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Runway 28 at Indira Gandhi International Airport at night. Image copyright Vedant Agarwal.
Runway 28 at Indira Gandhi International Airport at night. Image copyright Vedant Agarwal.

Runway capacity challenges at Delhi airport

New Delhi Indira Gandhi airport is looking to maximize efficiency of their runways via a series of measures.

Bangalore Aviation has learned that the airport operator Delhi International Airport Limited (DIAL) is working towards achieving a runway service rate of 104 movements per hour. This rate will include optimised pilot performance, optimised ATC performance and high intensity runway operations. Yet, despite these initiatives, challenges remain, which we examine.

An overview of the current runway environment

The airport operates three runways each of which pose a separate set of challenges.

Runways 10-28 and 09-27 are an “Open-V” configuration and cannot be operated as independent runways because of the converging departure paths or crossing approach paths.

Runway 11-29 has a highly displaced threshold thanks to rampant encroachment on one side, and a statue one the other, which has reduced the usable runway length by over 36% (from 4,400 metres to 2,800 metres). The civic authorities seem unwilling to take any action to address this. Added to this, that the runway is too far away from Terminal 1 which houses the low cost carriers like IndiGo, Spicejet and Go Air, who together contribute the lions share of traffic at the airport.

The excessive distance results in taxi times of 12 to 18 minutes adding to the fuel burn of 36 – 48 kgs. These challenges are highlighted below:

Current capacity and traffic flows

Delhi airport currently operates with 3 runways and a peak capacity of 67 movements per hour. This includes 62 scheduled movements and 5 non-scheduled movements (to cater to non-scheduled traffic and peak recovery). In optimal scenarios though, the airport has recorded up to 84 movements per hour.

Traffic flows into Delhi are organized by using an East flow or a West flow as below:

West flow pattern East flow pattern
Arrivals + Departures on Runway 29 Arrivals + Departures on Runway 11
Arrivals on Runway 27 Arrivals on Runway 09
Departures on Runway 28 Departures on Runway 10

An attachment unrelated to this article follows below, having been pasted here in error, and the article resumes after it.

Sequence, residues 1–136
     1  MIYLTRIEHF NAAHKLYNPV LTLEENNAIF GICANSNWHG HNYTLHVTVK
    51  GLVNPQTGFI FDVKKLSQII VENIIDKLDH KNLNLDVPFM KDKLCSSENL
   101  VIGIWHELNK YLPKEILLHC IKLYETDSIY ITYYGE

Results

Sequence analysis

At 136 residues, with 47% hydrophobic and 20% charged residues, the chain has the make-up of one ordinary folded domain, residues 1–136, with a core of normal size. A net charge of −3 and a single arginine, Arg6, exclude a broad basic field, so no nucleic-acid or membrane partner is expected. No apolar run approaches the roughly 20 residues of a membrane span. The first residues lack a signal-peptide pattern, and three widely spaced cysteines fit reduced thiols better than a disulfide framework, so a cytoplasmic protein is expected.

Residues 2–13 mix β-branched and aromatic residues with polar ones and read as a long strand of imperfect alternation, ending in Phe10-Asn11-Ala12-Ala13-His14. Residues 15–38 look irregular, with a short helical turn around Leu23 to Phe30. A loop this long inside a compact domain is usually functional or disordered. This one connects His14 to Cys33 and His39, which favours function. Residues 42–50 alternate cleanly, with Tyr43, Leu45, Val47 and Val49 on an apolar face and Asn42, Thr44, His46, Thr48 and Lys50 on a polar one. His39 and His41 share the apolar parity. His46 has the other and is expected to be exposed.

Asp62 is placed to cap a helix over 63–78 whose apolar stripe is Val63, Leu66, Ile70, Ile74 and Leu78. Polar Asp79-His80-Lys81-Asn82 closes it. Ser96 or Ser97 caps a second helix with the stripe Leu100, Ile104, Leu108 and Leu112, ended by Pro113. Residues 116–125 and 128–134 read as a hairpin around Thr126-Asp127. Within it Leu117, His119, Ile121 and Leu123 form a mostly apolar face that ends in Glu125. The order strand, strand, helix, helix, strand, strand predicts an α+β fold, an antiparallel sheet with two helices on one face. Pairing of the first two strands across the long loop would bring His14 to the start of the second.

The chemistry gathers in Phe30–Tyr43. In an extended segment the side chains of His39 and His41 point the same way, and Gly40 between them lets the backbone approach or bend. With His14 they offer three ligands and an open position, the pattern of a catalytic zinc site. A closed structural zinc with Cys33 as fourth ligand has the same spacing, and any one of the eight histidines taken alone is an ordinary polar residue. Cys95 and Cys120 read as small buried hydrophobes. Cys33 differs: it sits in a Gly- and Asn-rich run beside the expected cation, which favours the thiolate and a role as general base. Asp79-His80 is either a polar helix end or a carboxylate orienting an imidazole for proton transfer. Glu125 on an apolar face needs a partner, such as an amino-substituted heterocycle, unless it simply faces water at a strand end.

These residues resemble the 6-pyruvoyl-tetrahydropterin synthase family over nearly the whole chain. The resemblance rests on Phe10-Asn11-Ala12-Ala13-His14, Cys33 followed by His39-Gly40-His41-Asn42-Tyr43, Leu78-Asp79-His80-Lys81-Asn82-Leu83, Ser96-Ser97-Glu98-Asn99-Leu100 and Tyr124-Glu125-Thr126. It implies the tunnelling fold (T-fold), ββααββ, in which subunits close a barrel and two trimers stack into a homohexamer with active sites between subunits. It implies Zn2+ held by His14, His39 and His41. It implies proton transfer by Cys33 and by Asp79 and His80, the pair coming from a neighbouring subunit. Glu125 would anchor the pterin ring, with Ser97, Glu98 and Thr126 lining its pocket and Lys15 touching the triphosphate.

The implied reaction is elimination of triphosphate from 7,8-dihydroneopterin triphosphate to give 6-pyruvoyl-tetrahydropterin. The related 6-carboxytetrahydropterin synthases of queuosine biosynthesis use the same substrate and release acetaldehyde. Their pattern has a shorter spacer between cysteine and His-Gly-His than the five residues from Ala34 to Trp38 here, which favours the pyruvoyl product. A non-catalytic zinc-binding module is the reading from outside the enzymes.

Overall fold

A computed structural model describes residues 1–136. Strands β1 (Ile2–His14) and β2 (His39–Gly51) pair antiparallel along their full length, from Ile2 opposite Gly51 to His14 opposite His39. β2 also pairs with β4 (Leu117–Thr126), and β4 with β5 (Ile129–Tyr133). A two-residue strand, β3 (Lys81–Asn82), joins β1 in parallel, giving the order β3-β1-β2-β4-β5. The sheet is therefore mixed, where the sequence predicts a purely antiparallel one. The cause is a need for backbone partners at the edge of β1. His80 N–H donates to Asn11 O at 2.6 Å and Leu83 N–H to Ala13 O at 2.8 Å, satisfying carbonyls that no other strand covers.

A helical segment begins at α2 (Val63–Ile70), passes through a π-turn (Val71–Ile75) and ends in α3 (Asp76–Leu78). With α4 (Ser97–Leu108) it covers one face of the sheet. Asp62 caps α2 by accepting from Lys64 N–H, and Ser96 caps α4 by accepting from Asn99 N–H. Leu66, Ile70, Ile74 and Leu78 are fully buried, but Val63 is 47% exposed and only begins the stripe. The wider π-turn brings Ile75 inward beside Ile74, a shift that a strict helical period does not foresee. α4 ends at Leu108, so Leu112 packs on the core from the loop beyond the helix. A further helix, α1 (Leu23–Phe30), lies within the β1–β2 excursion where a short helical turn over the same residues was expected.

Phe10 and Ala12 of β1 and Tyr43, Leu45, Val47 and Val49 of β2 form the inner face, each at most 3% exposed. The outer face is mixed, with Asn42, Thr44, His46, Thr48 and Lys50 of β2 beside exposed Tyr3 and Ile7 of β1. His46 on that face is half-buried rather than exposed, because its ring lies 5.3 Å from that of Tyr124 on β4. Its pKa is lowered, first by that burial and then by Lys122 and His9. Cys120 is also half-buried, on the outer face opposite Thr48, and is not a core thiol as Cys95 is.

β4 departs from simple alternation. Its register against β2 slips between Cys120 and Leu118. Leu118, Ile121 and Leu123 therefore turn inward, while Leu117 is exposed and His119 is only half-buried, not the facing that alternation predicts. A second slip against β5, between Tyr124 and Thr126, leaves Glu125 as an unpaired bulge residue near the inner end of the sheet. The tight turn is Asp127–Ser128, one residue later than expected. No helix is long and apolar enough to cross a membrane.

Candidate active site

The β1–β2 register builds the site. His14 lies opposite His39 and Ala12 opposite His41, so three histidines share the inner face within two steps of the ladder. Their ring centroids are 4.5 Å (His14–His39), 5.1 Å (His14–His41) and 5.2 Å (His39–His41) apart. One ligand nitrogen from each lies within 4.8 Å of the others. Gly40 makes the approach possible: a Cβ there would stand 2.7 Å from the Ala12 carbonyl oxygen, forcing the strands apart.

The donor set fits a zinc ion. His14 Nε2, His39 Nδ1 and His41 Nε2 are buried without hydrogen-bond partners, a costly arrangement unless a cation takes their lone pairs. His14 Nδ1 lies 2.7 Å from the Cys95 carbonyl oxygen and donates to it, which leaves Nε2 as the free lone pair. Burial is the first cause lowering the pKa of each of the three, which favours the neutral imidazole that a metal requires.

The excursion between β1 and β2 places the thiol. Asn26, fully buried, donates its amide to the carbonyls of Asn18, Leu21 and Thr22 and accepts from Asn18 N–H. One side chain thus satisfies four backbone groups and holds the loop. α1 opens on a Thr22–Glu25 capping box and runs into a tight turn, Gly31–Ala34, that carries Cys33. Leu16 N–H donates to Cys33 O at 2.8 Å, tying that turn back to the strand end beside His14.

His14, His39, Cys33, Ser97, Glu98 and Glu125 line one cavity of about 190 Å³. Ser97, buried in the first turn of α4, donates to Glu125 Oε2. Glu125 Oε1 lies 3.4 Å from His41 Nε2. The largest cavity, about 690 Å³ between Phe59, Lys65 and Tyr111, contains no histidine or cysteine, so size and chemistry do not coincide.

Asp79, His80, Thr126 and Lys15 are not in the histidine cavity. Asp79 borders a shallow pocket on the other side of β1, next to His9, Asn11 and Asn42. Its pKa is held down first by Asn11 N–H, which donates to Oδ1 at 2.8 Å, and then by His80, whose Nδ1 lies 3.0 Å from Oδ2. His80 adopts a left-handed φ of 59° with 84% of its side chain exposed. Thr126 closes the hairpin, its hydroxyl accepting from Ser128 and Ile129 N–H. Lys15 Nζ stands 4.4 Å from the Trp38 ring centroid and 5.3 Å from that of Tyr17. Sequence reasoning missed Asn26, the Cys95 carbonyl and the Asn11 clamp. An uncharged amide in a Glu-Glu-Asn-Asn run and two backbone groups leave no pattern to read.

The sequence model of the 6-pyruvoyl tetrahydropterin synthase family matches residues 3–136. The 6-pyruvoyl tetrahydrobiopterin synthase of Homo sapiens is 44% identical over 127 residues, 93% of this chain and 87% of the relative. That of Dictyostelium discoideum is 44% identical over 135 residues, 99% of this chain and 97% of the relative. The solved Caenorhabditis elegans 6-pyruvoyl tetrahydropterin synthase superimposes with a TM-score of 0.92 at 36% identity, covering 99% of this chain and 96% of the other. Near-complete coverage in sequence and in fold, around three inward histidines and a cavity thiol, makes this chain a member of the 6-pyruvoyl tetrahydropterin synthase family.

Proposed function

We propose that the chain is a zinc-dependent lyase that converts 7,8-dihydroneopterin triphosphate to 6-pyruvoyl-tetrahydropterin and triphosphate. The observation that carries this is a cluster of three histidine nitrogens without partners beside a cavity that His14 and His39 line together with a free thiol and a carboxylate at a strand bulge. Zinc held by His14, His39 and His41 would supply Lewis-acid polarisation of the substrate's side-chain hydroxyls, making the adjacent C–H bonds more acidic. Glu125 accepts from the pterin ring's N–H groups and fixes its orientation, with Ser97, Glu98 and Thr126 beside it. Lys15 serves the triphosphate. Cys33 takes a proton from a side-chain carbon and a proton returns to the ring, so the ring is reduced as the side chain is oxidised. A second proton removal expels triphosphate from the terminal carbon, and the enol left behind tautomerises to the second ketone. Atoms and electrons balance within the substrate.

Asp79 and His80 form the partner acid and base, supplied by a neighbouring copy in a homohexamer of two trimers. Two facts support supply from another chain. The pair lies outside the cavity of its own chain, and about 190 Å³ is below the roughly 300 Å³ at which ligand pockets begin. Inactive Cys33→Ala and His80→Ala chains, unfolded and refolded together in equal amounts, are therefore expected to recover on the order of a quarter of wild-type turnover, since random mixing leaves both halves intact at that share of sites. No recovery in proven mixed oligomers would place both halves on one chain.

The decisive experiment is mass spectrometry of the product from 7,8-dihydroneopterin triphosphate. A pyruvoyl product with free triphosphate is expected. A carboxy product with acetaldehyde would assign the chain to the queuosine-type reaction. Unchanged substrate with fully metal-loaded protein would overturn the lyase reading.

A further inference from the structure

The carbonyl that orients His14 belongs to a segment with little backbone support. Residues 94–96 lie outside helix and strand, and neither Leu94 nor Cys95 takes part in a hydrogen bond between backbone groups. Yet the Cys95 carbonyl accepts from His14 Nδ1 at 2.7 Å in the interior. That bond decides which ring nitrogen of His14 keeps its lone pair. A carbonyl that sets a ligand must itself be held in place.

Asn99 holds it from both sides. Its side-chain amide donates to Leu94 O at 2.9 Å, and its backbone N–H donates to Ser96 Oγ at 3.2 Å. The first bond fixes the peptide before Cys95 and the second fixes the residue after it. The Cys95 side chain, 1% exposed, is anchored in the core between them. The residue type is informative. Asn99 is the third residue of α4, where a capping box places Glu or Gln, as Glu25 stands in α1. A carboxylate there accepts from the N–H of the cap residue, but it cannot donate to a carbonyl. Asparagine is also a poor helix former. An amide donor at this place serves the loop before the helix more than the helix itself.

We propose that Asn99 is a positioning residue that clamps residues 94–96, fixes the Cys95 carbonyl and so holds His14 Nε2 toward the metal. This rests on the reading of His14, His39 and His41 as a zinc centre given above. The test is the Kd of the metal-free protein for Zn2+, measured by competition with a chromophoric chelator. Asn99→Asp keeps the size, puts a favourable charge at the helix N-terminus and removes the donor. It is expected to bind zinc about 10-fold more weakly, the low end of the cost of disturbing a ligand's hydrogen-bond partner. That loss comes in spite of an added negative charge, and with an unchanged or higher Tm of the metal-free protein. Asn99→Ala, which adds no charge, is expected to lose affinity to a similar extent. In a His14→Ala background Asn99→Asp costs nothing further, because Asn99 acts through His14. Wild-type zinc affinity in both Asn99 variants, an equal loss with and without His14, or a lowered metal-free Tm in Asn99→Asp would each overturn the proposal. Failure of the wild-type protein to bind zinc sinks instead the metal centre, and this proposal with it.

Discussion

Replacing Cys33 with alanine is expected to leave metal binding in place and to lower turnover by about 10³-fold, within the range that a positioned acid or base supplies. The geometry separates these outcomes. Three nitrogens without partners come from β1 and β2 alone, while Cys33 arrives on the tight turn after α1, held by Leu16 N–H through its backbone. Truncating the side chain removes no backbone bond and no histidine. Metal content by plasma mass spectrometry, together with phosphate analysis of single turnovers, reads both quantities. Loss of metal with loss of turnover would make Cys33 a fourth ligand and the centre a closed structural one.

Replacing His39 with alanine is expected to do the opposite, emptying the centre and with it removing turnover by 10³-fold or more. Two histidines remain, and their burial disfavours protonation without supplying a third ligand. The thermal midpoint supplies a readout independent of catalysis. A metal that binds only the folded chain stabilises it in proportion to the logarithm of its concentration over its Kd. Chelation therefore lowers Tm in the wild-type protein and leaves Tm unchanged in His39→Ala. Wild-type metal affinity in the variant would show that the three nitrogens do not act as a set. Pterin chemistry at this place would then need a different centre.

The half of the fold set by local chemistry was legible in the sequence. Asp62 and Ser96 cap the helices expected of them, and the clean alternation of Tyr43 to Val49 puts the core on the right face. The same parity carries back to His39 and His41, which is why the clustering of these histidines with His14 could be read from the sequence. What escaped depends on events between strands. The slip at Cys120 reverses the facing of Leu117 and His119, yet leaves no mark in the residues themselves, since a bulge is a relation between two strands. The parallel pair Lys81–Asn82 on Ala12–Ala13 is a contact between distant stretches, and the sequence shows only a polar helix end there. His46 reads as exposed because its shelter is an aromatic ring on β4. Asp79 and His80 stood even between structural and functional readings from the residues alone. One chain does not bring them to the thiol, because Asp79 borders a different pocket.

Other unique aspects

Delhi airport also has some other unique factors that limit the airspace usage. Specifically, the VIP areas to the North of the Airfield (including the Presidents Estate, Prime ministers house and other sensitive locations); Hindon Airforce base (which has several military routes) and residential areas.

Separation between aircraft on approach is maintained at 9NM per hour and each ATC controllers issues directions (vectors) to 10 aircraft on final approach (compared with a global benchmark of 5 aircraft per controller in London and Dubai). The final approach clearance is obtained 2NM or ~50 seconds prior to landing and the runway occupancy times at Delhi are approx. 40 – 45 seconds.

 

The challenge going forward

The challenge for Delhi airport is that air traffic is growing at 20% per year but the airport lacks runway capacity to accommodate this growth. A series of measures are being thought of and the UK firm NATS has been conducting a study jointly with the Airports Authority of India to initiate measures to increase runway capacity. Delhi airport maintains that upgrades to the terminals can help however this is a sore point with airlines in Terminal 1 who insist that more efficient use of the existing infrastructure is what is lacking. Industry sources indicate that this is a hot topic and a joint meeting of the Airport, Airlines, Airforce, ATC and regulators is likely to be called soon.

Stay tuned for updates.

About External Analyst

The writer(s) are external experts. Bangalore Aviation may not agree with the views expressed by the author. Authors prefer to remain anonymous for a variety of reasons but mostly since they are not authorised by their employers to express their views publicly on the record.

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Runway 28 at Indira Gandhi International Airport at night. Image copyright Vedant Agarwal.

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